Long Island City
The Court Square Diner is my go-to for a large OJ with ice and a BLT. Since it’s right around the corner from PS1, where my new project will be, it’s become my second office. The speed at which you get seated and served is diner magic at its best.” —Mina Stone, chef-owner, Mina’s at MoMA PS 1

Lower East Side
Bacaro is an Italian restaurant in my neighborhood that has great, delicious food without being too froufrou. The specials are always good, too. I had a low-key birthday dinner in their downstairs area that has great ambience with exposed brick and arches that makes it feel like an underground wine cave. They have a really nice wine list with reasonable prices for amazing wines. It’s marvelous!” —Eder Montero, chef, La Vara

Maspeth
O’Neill’s is a mix between a sports pub and a family restaurant. It is a place we like to go as a group from Ole & Steen because they have a great selection of beers and a nice and simple menu. The waitstaff is very accommodating and they also have great live music on some Fridays and weekends.” —Søren Nissen, baker, Ole & Steen

The spread at Turkish spot Taci’s Beyti in Midwood, Brooklyn.
Photo: Melissa Hom

Midwood
Taci’s Beyti is a bustling Turkish restaurant on Coney Island Avenue. On any given day, you’ll see a full dining room hosting families and large groups. They have all the classics that one would expect: stuffed grape leaves, roasted eggplant, cacik (which is a yogurt sauce made with dill and walnuts), lentil soup, pide and kebabs. But I highly recommend getting one of their pides. It’s a torpedo-shaped stuffed bread with cheese and herbs; they offer them with a variety of interesting toppings like filet mignon and peppers or pastrami.” —Thomas Romero, executive chef, ACME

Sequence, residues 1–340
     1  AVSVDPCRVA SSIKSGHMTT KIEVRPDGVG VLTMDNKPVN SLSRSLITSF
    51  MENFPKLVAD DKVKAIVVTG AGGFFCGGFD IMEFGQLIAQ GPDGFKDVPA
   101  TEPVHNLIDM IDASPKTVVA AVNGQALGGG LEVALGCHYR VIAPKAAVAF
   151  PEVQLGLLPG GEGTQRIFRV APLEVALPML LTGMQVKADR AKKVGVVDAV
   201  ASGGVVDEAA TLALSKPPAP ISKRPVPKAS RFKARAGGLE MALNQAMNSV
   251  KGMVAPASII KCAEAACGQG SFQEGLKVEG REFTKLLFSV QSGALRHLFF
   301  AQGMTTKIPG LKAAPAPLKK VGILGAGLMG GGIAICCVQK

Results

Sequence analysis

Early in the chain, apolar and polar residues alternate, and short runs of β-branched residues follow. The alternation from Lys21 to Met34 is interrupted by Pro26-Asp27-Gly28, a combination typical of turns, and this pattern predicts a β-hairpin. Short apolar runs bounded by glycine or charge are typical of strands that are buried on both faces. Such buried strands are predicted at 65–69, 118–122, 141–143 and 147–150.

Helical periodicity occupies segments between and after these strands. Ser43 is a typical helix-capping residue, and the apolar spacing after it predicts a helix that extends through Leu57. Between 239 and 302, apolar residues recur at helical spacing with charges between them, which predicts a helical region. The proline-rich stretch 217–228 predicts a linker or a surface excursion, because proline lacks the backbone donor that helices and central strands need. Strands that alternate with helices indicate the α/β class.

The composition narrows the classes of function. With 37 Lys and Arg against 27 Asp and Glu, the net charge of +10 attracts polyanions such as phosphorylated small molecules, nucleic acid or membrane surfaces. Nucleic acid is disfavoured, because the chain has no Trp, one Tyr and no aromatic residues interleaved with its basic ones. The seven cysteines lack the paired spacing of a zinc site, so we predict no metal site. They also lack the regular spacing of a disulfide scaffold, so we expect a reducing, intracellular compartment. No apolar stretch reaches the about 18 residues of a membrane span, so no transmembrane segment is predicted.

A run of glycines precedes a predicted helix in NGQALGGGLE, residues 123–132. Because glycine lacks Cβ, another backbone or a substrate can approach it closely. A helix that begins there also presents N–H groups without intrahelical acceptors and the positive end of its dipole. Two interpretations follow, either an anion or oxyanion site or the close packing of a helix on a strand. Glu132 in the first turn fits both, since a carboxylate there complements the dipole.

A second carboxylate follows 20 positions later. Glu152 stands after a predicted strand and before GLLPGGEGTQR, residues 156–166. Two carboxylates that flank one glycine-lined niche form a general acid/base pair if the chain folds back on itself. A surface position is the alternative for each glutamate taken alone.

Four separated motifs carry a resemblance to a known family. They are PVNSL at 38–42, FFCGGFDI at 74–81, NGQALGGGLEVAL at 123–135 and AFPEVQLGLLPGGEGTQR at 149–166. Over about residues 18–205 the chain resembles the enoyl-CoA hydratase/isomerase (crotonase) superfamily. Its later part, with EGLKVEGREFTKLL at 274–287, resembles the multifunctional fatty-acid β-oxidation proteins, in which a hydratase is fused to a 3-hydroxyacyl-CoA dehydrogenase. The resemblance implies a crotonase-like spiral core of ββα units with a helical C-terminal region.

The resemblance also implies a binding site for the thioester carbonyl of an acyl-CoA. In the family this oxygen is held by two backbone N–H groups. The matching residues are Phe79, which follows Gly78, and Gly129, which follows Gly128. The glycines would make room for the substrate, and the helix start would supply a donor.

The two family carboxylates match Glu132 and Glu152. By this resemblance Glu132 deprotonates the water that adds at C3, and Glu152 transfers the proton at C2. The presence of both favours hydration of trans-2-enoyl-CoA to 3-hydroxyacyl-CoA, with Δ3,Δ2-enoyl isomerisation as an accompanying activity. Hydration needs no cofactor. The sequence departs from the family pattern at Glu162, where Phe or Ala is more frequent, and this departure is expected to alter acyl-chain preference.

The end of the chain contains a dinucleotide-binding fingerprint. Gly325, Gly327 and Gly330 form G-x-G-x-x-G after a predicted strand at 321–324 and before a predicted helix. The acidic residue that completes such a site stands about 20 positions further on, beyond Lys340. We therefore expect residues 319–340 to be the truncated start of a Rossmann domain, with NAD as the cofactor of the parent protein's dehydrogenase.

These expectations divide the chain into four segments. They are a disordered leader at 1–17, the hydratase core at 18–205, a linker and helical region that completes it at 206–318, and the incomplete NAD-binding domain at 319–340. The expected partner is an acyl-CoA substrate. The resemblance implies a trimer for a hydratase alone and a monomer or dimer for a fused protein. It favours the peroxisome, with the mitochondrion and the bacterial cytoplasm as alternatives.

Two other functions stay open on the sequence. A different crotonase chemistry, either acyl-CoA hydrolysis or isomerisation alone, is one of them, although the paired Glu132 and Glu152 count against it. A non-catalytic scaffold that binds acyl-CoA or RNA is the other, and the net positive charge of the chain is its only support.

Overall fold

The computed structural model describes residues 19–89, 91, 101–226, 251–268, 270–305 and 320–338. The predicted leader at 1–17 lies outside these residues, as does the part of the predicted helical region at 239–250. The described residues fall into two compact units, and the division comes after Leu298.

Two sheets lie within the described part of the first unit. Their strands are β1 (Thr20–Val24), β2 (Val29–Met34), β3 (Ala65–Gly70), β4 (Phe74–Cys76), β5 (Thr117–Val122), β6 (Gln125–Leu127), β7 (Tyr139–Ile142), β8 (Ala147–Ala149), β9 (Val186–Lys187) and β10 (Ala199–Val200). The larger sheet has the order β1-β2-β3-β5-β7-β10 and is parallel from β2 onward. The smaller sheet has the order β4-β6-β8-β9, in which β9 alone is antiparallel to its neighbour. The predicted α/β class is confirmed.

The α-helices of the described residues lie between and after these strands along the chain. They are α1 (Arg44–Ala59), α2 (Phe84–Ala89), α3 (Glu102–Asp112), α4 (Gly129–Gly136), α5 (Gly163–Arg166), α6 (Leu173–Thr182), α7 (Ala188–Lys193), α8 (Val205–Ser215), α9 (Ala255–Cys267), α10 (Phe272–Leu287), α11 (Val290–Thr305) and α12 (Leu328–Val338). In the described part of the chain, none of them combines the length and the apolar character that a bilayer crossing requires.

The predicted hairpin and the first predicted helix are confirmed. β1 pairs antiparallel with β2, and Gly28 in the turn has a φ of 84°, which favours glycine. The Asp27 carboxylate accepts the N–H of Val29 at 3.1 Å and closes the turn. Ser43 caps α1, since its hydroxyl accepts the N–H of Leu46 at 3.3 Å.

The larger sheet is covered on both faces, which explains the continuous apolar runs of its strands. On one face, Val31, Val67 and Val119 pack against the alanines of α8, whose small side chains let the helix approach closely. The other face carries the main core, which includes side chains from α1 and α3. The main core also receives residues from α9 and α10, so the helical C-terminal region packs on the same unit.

Nomad
“Most Korean food in the U.S. is more spice-driven and stimulating. At O:N, the Korean cuisine it serves is not stimulating in the commercial sense, but more like a home-cooked meal. Two of my favorite dishes on the menu are the sam-gye bab and sam-gye tang, a traditional, restorative chicken soup, especially in the summer season. It swear it helps restore the body.” —Junghyun Park, chef-owner, Atoboy and Atomix

Park Slope
Faros is a Greek restaurant that takes up the interior of an entire brownstone, giving it the feeling of having dinner at your parents’ house, or maybe that’s because of the little old lady who walks back and forth through all the tables, not even pretending to hide her stares while she watches you, making sure you eat every last bite. Whatever the reason, for me it comes down to the food. I don’t expect an elaborate display of tweezered, never-been-heard-of-before ingredients, nor do I want one. When I come here, I get intensely flavorful, traditional Greek dishes: a side of peeled and boiled potatoes that are glazed so many times in lemon and butter they form glasslike crusts, or a slow-braised octopus with citrus and capers. The piles of cheese they light on fire tableside and endless shots of ouzo keep me coming back.” —Kimberly Plafke, chef, Grand Army